I also recall an article which mentioned airline credit card programs. It stated - without elaborating - that the airlines make a fortune on those cards. It would be interesting to have an article prepared on income earned by airlines for ancillary fees and programs.

It's all fascinating stuff and shows just how complicated it is to run an airline profitably!
 
Flighty
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Re: The Economics of Airline Class

Mon Mar 20, 2017 3:50 pm

JAAlbert wrote:
I think it is a good introduction to the topic of income produced per cabin, especially for armchair enthusiasts like me. As I watched, I did note that he didn't discuss how taxes on each ticket, frequent flyer upgrades (purchased and gratis), credit card tie ins, cargo and crew costs effect income per cabin. A video or article expanding on these additional topics would be very informative. I recall watching an old documentary following a Virgin 747 - the documentary said that the plane, with passengers and cargo, earned $500,000 per flight. From that documentary, it seems that if you can fill a 747 regularly and fly it often enough (and fuel prices are low) you can make a bundle.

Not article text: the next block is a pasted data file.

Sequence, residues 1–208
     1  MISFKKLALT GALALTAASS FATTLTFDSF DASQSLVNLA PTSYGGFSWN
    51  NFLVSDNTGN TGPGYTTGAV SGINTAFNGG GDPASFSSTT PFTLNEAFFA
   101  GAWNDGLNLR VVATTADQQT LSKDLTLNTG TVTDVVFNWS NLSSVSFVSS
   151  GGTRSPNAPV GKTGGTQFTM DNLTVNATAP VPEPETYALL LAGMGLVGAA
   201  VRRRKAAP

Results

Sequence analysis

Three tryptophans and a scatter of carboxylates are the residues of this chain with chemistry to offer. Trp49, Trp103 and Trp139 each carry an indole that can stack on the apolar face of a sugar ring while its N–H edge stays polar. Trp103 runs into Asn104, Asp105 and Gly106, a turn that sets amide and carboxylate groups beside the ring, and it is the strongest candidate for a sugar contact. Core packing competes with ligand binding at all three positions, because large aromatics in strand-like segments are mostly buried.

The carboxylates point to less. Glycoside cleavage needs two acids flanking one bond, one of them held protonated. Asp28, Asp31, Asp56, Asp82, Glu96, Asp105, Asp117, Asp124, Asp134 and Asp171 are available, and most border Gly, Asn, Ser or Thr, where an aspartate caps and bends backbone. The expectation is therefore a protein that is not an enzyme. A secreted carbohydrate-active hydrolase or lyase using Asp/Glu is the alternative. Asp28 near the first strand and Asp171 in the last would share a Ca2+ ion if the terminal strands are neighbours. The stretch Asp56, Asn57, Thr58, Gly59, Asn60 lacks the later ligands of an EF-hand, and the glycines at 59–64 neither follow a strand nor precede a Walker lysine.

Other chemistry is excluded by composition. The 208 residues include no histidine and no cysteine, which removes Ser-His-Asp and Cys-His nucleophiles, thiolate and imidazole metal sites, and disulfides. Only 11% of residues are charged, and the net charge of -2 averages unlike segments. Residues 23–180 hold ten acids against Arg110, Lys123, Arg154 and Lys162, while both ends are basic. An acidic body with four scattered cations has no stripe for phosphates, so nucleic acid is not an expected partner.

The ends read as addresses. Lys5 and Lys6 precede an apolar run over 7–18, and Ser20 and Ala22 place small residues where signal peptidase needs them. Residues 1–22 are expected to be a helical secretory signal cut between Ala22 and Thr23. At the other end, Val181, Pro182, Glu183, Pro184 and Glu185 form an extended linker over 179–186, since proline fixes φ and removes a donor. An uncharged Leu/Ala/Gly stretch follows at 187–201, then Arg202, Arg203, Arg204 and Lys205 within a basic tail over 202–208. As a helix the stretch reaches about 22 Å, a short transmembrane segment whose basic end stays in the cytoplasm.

I also recall an article which mentioned airline credit card programs. It stated - without elaborating - that the airlines make a fortune on those cards. It would be interesting to have an article prepared on income earned by airlines for ancillary fees and programs.

It's all fascinating stuff and shows just how complicated it is to run an airline profitably!


Yes, even if nobody buys F (and few people do), the upgrades can entice people to join your credit card program. The issuing bank assigns a value to those people and pays the airline big $$ for that. Sometimes into the billions.

$500k trip revenue sounds high. It should be closer to $200k, maybe 300 in extraordinary cases. For LAX-SYD, 350 seats * 10 cent RASM * 7700 miles = $270,000. I don't know cargo, but round the total to $300k. And no route would average that; that's a good day for LAX-SYD.
 
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sergegva
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Re: The Economics of Airline Class

Mon Mar 20, 2017 8:51 pm

The numbers in this video seem wrong to me. Y+, J and F could be less expensive, by far.
They said:

LHR <-> IAD, 15.3 -> 22.3 (wednesday -> wednesday)
Y = 876 $
Y+ = 2633 $ (x 3)
J = 6723 $ (x 7.7)
F = 8715 $ (x 9.9)

What I get (choosing the cheepest fare of the day in britishairways.com, nonstop):

5.4 -> 12.4:
Y = 893 $
Y+ = 2372 $